Springtime = mom.

When pretty blue scylla spring out of the ground and forsythia bushes burst with yellow blooms, I think of my mom. In the weeks before Mother's Day, when trees start to bud and get “fuzzy” as she described it, I think of her too. And while I clean my garden, happy to see pink peony shoots poking through the soil, Mom is there -- even though it’s been four years since I last saw her, before she passed away two days shy of her mid March birthday, just as winter was fading away.

Patsy and sisters 1936 Little Patsy Reed with her big sisters Mary and Martha, Port Washington, 1936ish.

That last trip to see her started out like all the others -- packing and re-packing too much stuff into the suitcase, too much food in the cooler, fretting over the care of the cats, leaving later than we planned, and our traditional stops at Starbucks and the Skyway McDonald's. Then up Up UP over the Skyway and onto the familiar toll roads to Cleveland Heights, Ohio. The difference this time was that Mom was gravely ill and last rites had been administered. The ominous impact of those words "last rites," delivered in an e-mail from one of my brothers, had sent me into hysterics. The only light note was Dad following up with, "If mom had been more energetic, she would have told the priest to hit the road." I'd spent the rest of the day in an anxious fog as I arranged to take off work and pull my son out of school, wondering whether this would really be the last time we saw Mom.

We usually visit Mom and Dad at Christmas time, when the skies tend to be gray and bleak. I've grown accustomed to a leafless, snowless December landscape from Chicago to Cleveland. This time, though, the miles of flat farm country were covered in a light layer of late winter snow, the skies had cleared, and the morning sun shone brightly. Trees and fences were traced in a fine white filigree. I noticed for the first time apple orchards and vineyards, their rows of dry twisted branches artfully frosted, giving a depth to this open country that I’d never seen before. Groves of tidy, uniform firs -- Christmas tree farms, we guessed -- added their green silhouettes to the scenery. Above, fluffy clouds trailed across the gloriously blue sky, and occasionally pairs of hawks drifted in wide circles over the turnpike. The midwest never looked so pretty, I thought, and I would tell Mom about it. With my son settled next to me and a Harry Potter audiobook in the CD player, I felt at peace despite the circumstances of the trip. I squinted into the miles of oncoming highway until my laugh lines ached.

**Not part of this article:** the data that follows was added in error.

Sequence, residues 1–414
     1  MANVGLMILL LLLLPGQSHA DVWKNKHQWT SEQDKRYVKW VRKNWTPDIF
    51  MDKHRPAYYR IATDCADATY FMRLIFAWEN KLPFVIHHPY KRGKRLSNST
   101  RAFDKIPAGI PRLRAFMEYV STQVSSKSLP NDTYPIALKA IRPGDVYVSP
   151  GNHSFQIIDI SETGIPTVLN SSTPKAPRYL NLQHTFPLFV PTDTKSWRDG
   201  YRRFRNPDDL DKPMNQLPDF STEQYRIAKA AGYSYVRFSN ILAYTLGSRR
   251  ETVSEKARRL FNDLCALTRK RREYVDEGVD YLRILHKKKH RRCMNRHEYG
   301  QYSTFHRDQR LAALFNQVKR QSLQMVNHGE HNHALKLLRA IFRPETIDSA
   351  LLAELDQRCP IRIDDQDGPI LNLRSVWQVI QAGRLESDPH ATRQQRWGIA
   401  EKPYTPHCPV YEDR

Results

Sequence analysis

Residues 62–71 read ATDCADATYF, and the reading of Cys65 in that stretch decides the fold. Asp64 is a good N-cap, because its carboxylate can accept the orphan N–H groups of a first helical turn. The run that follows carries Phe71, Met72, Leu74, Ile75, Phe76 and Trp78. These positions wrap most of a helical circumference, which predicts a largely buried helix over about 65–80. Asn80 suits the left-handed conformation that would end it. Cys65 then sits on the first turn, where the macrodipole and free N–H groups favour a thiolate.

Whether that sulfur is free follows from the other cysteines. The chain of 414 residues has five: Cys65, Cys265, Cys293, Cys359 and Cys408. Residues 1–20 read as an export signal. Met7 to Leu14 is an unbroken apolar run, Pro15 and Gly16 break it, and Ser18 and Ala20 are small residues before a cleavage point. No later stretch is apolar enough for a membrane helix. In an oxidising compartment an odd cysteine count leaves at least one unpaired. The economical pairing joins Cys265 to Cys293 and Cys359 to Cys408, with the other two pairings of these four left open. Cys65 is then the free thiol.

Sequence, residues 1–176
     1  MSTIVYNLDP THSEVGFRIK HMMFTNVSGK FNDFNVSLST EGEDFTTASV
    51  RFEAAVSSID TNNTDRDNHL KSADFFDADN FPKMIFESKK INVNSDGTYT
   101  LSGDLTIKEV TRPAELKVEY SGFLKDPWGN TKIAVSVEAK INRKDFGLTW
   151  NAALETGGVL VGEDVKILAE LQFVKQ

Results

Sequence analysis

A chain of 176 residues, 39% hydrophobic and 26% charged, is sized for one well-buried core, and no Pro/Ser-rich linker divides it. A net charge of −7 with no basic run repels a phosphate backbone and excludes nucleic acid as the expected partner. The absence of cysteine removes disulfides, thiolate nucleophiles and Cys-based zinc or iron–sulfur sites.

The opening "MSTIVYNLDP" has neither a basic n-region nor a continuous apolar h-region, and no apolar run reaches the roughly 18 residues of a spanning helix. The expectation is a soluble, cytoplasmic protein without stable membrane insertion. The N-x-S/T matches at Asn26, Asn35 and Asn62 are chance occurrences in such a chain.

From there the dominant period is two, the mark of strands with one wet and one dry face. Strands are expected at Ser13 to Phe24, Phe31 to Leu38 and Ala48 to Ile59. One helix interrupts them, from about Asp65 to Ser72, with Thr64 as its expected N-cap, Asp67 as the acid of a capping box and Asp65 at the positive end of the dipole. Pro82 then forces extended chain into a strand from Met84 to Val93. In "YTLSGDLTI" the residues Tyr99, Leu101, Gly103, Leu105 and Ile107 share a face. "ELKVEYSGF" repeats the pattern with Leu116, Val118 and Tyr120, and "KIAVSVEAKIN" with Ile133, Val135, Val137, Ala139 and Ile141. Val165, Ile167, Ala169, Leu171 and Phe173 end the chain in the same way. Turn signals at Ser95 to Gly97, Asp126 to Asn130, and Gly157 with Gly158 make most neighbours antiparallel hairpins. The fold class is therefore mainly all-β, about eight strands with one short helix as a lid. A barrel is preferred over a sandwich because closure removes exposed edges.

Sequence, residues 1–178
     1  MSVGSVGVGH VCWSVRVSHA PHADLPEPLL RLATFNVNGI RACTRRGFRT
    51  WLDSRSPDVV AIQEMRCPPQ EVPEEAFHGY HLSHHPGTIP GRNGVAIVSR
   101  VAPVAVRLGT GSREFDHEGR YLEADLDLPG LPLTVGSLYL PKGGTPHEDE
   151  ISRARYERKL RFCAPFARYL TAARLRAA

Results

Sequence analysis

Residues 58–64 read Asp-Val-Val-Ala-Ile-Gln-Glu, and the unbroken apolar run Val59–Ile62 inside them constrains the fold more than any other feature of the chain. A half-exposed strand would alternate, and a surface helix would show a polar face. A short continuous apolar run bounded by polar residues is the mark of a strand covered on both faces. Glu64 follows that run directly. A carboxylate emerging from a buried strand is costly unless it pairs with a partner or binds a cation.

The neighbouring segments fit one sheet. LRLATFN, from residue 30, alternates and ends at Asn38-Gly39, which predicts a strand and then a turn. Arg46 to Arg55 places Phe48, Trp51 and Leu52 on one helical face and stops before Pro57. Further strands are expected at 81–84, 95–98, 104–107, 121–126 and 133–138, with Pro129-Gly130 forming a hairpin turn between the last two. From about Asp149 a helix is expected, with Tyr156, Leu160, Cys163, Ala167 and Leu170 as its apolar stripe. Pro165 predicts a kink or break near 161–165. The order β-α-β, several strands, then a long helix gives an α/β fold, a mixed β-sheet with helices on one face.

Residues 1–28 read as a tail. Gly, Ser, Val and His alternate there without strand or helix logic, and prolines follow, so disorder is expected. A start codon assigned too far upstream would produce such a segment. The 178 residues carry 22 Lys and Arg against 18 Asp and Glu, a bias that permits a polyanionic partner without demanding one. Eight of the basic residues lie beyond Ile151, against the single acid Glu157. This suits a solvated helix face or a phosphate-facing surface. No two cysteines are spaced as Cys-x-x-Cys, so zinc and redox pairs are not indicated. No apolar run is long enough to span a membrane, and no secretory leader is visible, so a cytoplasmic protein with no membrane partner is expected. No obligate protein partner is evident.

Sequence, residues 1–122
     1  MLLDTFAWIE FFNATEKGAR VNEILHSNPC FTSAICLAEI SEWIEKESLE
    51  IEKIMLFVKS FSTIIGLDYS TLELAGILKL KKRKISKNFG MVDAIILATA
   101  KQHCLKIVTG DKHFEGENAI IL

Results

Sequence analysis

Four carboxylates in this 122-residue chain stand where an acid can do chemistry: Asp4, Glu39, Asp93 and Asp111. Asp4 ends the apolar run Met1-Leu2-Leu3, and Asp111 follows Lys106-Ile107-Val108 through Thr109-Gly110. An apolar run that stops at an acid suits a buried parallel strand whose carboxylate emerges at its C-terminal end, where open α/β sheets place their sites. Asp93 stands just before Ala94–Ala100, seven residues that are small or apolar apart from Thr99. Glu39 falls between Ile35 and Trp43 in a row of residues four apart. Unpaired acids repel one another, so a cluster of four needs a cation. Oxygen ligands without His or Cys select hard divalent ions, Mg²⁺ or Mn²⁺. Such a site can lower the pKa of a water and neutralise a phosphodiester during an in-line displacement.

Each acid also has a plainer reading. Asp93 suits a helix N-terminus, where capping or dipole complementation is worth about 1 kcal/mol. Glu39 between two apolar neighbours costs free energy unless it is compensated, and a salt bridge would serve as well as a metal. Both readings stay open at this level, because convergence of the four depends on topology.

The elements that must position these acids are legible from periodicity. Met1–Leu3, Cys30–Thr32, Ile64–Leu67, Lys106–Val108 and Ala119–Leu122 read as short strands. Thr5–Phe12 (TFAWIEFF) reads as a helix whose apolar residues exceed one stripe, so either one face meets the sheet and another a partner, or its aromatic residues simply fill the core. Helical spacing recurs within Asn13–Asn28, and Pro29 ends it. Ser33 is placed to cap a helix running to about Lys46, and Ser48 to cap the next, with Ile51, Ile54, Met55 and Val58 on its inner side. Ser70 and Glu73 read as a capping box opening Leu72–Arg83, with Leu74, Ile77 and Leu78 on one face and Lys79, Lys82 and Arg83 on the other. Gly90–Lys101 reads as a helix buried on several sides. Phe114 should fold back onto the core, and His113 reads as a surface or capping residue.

Pat lovely young ladyWhat a beauty!

Mom's pretty blue eyes brightened as we approached her bedside at the Cleveland Clinic later that afternoon. A clear plastic oxygen mask was strapped around her delicate ears, and a tube in her arm led to a tower of machinery quietly dispensing doses of saline and morphine. The papery skin on her arm was bruised from too many needle sticks. She smiled weakly but warmly, the familiar smile of motherly love I’d known for so many years. We held hands and conversed as best we could, her voice ranging from a whisper to a hoarse croak and slightly muffled by the mask. Despite the difficulty, and without a single hint of frustration, she asked me about school, and how was my fiance Kenny, and had we found a house yet? She called her grandson over and talked to him about his girlfriend, his band, school, and his favorite class -- metal working. A talented and classically trained artist born and raised in Port Washington, New York, Mom delighted whenever one of her children or grandchildren pursued the creative arts. She asked him to make her a sculpture, and he promised he would.

We talked about the weather (too much snow in Cleveland over the winter, not enough in Chicago), and what I would plant in my garden that spring. Dad sat quietly reading a book, relieved, no doubt, to finally have family take over during these wearying, worrisome hospital visits he’d been making daily for weeks. Sometimes Mom closed her eyes for a while and appeared to doze, then she would open them again, smile, and find something new to talk about. I had expected a more sickly version of her, that proverbial shadow-of-the-former-self we expect when someone is on their last. She was a little bony, and her hair was thinner from a few chemo treatments for her recently diagnosed cancer. But her skin was warm, rosy and vital. She doesn’t look so bad, I thought. She’s not
dying.

Pat at Indiana DunesGathering freckles in the sun with Dad.

While Mom rested, I left briefly to find the kitchen for patients and families where Dad said I could find crackers and bottles of water. As I made my way through the hospital halls I looked up and for the first time saw the name of the unit where Mom’s room was located: